Guest post written by Phil Vokins who is Intel’s Interim Country Manager for Canada.
Artificial intelligence is rapidly moving out of the laboratory and into our daily lives. It has already made possible many things we now take for granted, including speech recognition, web searches, and in-car navigation systems. Soon, the incredible advances in software and the hardware needed to process all of the data that’s being generated will turn many other things that used to seem like science fiction into reality. The impact on society is—and will be—immense, so it’s important that public policy keeps pace with these developments.
There is no commonly accepted definition for artificial intelligence, but at Intel, we see it as a computerized system that performs tasks which traditionally have been associated with people. Narrow AI, which addresses a specific task or set of tasks such as helping radiologists evaluate X-ray scans or content delivery platforms recommend new movies or shows to watch, is the most common form of AI in use today. General AI, where a computerized system can portray human-like intelligence across a multitude of tasks, is still years away. This gives governments a brief breathing space to implement policies that will foster AI innovation and acceptance while at the same time mitigating its unintended societal consequences.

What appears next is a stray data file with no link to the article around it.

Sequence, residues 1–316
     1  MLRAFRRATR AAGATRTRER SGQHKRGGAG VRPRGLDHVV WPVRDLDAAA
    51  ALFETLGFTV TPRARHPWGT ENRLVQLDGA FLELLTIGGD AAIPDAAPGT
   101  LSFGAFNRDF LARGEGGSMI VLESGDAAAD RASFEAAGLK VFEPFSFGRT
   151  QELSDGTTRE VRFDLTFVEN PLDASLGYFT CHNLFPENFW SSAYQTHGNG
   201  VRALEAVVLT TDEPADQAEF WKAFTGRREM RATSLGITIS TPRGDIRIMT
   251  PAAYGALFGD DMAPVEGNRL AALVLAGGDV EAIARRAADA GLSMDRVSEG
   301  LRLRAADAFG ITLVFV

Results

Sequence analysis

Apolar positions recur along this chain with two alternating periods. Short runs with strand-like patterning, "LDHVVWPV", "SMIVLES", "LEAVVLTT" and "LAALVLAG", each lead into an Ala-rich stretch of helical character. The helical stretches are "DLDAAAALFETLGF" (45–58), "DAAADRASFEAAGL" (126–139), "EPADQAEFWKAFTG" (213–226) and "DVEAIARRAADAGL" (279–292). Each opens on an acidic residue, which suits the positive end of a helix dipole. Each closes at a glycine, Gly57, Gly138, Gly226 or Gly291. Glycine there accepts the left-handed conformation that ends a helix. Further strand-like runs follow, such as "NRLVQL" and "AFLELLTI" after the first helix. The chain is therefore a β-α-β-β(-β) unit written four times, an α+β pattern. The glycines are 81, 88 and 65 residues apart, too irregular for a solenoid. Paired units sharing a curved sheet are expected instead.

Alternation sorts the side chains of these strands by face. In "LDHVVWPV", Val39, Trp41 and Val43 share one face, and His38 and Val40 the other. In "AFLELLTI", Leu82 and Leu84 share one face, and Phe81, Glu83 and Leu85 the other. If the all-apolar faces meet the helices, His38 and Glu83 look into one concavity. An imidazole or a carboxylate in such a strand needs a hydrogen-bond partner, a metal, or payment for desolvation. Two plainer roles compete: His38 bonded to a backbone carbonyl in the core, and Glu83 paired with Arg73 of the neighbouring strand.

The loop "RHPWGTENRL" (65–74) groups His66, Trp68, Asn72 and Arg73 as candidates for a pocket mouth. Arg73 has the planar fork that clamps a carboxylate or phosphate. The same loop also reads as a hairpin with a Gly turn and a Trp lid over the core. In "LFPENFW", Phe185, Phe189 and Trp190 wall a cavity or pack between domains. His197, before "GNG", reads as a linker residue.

Canada has already taken an important step with the creation earlier this month of the Advisory Council on Artificial Intelligence, made up of representatives from industry and academic and research institutions, to advise the federal government on how to build on Canada’s existing AI strengths, identify ways AI can help to grow the Canadian economy and benefit all Canadians while ensuring AI advances reflect Canadian values.
Through our extensive involvement in the development of technologies that make AI possible, we have defined five key public policy principles governments we believe governments should follow when addressing this issue. These principles align closely with those recently approved by the Organization for Economic Co-operation and Development.
First, governments should foster innovation and open development, including through investment in artificial intelligence, public-private collaborations and measures to encourage adoption by society. They should lead by example, demonstrating the applications of AI in their interactions with citizens and investing in infrastructure to support and deliver AI-based services. And they should create the conditions necessary for the controlled testing and experimentation of AI in the real world, such as establishing self-driving test sites in cities so Canada can build on its already leading position in the development of technologies that will make autonomous vehicles possible.
As artificial intelligence and robotics will bring automation to a wide range of jobs while simultaneously creating new tasks and jobs that require an entirely different set of skills from those workers need today, governments need to understand how jobs will be affected and have plans to allow technology to help humans in their pursuit of work. This includes programs to mitigate AI’s impact on jobs and policies that promote employment and support the up-skilling and reskilling of the workforce.